I arrived in Rome on Feb. 17 at 13.00 local time. Rome and Jakarta have six-hour time difference, so it's already 19.00 in Jakarta. The long journey was really tiring (oh well, perhaps it's due to age), but I was determined to try Rome's public transportation. So instead of hailing a cab, I bought train ticket (8 Euro) for FR1 line to reach Roma Ostiense station.

A subway train in Rome

I was so surprised when the train came because it was totally covered in graffiti it looked like it had been severely vandalized. Then the first trial came: I got off the wrong station. I asked a man if I needed to buy another ticket to reach Roma Ostiense. Although I asked in English, the man replied in Italian. Ouch!

But of all the words he said, my ears caught words that sounded like dix minutes (French word for 'ten minutes'). The man also pointed his hand to the platform. So the train would come in 10 minutes and I should stay and wait there, I concluded. The conclusion was correct. Anyway, according to a website, Rome's temperature that day was between 10 and 13 degree Celsius, so standing on the platform for 10 minutes was not an exciting experience.

After getting off in Roma Ostiense, I transferred to subway heading for Laurentina. The subway ticket is only 1 Euro. As I dragged my luggage to the hotel, a street vendor greeted me with,"Assalamualaikum, are you Malaysian?" Oh wow, feels like home already, hahaha. Anyway, the street vendor is a Bangladeshi, but he worked in Malaysia for 14 years, so we talked a bit, he used Melayu language, while I Bahasa.

When I saw my hotel room, I was shocked. It was so small, I barely had space to move around. I don't have claustrophobia and I am petite enough to sleep on that tiny single bed. But still, I was expecting a little bit more space.

The tiny hotel room

On Friday, I met with the other 17 journalists across the globe. The room where we convened was soon filled with conversation in English, Spanish, French, Arabic and even African languages. I really loved the mixed combination of the group. The meeting was ended at 5 p.m. And we rushed to the city!

I went with Jessica from Singapore, Rahimy from Malaysia and Aya from Dubai, UAE. We headed straight to Fontana di Trevi. If the day was cold, the night was even colder. We had pizzas for dinner in a small restaurant before going back to the hotel.

On Saturday, the course began. Then I joined a reception with the hope that I could meet my delegations. Since there were none, I took comfort in the delicious foods served in the event. The reception ended at 8 p.m. There were only Jorge, the Paraguayan journo, and I in the IFAD building, so I asked him if he wanted to go around the city. Well, I was a bit forcing him to accompany me:P. At first, he said he was tired and wanted to sleep.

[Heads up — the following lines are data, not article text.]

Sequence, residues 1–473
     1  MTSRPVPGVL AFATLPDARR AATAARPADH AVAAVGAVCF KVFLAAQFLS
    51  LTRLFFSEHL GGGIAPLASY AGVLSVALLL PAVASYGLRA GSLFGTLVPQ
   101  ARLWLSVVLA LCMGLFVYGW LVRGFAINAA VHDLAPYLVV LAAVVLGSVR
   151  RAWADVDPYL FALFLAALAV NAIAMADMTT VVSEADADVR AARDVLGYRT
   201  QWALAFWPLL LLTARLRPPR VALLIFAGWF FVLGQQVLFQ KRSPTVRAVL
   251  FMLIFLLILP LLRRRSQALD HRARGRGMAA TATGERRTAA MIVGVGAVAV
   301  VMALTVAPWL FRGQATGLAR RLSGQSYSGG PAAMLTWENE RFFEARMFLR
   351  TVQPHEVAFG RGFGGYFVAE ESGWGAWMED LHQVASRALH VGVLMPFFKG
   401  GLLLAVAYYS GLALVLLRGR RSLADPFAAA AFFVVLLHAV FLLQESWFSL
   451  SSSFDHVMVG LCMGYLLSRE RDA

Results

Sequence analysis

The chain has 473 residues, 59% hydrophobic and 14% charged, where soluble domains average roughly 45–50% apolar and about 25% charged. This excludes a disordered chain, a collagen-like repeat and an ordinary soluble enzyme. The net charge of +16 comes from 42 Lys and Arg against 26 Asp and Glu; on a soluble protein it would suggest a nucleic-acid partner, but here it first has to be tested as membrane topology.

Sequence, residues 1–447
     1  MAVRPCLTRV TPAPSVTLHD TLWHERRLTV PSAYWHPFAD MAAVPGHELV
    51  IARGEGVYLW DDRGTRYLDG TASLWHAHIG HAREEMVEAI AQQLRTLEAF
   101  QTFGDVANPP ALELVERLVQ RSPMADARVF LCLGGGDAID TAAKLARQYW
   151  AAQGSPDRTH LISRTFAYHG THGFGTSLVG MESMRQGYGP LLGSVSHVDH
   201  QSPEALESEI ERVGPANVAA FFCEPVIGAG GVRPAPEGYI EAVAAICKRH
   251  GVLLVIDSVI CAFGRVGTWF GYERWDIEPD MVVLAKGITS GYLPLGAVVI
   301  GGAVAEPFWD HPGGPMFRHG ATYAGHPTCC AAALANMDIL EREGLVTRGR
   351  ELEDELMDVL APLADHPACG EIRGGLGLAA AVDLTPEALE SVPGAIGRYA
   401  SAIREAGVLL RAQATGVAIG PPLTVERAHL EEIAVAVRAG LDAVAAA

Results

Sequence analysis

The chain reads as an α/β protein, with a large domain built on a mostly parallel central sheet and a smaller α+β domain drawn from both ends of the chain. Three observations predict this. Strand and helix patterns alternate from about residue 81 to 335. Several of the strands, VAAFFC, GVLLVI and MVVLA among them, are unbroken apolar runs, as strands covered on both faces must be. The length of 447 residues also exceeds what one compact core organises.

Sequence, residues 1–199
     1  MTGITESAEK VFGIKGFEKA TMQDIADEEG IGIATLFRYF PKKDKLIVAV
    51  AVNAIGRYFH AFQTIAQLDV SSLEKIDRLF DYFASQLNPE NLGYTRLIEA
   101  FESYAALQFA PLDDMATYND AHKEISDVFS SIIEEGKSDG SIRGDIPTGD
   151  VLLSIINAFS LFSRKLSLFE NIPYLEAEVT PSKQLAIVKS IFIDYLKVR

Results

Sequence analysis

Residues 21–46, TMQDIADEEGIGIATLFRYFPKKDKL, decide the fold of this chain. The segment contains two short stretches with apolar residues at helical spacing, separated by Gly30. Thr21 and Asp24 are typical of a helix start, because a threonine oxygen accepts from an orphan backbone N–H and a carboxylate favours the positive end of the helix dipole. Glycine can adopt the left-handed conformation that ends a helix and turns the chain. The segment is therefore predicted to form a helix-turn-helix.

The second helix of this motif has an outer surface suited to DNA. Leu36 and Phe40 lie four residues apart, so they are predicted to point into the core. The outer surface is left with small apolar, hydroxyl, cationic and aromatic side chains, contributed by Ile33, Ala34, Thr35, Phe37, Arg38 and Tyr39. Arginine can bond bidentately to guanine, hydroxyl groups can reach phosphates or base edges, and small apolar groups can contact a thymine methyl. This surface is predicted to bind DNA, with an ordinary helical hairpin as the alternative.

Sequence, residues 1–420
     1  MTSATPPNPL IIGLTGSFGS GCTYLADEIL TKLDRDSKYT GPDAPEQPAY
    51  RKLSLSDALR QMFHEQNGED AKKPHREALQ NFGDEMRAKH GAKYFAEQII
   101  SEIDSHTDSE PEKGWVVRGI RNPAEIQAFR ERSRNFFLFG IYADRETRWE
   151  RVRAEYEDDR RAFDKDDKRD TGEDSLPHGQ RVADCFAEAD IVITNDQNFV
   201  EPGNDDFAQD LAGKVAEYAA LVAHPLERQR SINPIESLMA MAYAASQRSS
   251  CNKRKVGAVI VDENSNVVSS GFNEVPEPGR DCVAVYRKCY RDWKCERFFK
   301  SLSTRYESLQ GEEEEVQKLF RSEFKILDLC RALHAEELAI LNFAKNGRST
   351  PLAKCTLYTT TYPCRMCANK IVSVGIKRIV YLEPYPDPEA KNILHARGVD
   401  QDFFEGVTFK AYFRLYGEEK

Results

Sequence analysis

"But we don't go to Rome everyday, Jorge," I said.
Upon hearing those words, he finally said,"Okay, let's meet at the lobby 15 minutes from now."

Yay! Since it was Saturday, the subway service lasted until 1.30 a.m., while from Sunday to Friday, the subway only ran until 9.30 p.m. It was very late, but the subway was bustling with Italians who wanted to hit downtown with their friends and partners.

We met Josefina, a nice Peruvian lady, at Laurentina station (Jorge started a conversation with her in Spanish) and she suggested that we got off at Flaminio station and looked around. So off we went to Flaminio, and there we found Piazza del Popolo, walked to Piazza di Spagna, and climbed the Spanish steps.

Piazza del Popolo

Piazza de Spagna and the Spanish step

I love exploring a city at night as it falls to sleep and loosens its guard. The city lights were up and people were walking hands in hands along the streets. The photos I took this night were a bit blurry, but I kinda loved them for the dreamy look.

During our subway ride back to the hotel, we went into a car with drunk Italians. They kept yelling and jostling among themselves. Jorge looked a bit worried and he kept a watchful guard. Thank God, two train police officers came and told the drunk guys to leave the train.

Sunday morning found me working on the training again. The session ended at 2 p.m., the journos had a quick farewell (saying goodbyes is painful) and headed out to explore the city before leaving Rome. I went with Jessica and Aya.

We went to Colosseum, see a glimpse of the Roman ruins, saw the inside of Pantheon, and had dinner in a restaurant. Rome was raining after dinner, so I pulled out a red umbrella I just bought for 12 Euros and gave it a rain check (aha, a pun, hahaha). The umbrella passed with flying colors:).

Be a gladiator at the Colosseum

Monday was the last day. Since my flight was at 8.35 p.m., I decided to explore the city again before leaving Rome. Not just a place in Rome, but the Vatican City. I went with Jessica. We passed a very long queue for the Vatican museum. Fortunately, we bought advanced tickets online (19 Euros) and we could get in in a jiffy.

Going to the Vatican Museum was really a lifetime experience. Well, at least for me since I love art. I was finally able to see with my own eyes the sculpture of The Pity and the fresco of The Last Judgement in Sistine Chapel, after just admiring them from books and photos. Both are the works of Michaelangelo. I could spend hours to stay there, but time was ticking. So little time, so much to do and see.

La Pieta (or The Pity) by Michaelangelo

Then we went to St. Peter's Basilica, climbed the cupola and saw Rome from above. The climb to the cupola was hard, but the view was worth it. Magnificent! During my college years, I saw this bird eye's view of St. Peter's Basilica in Francis DK Ching's book. Seeing it for real almost brought tears to my eyes.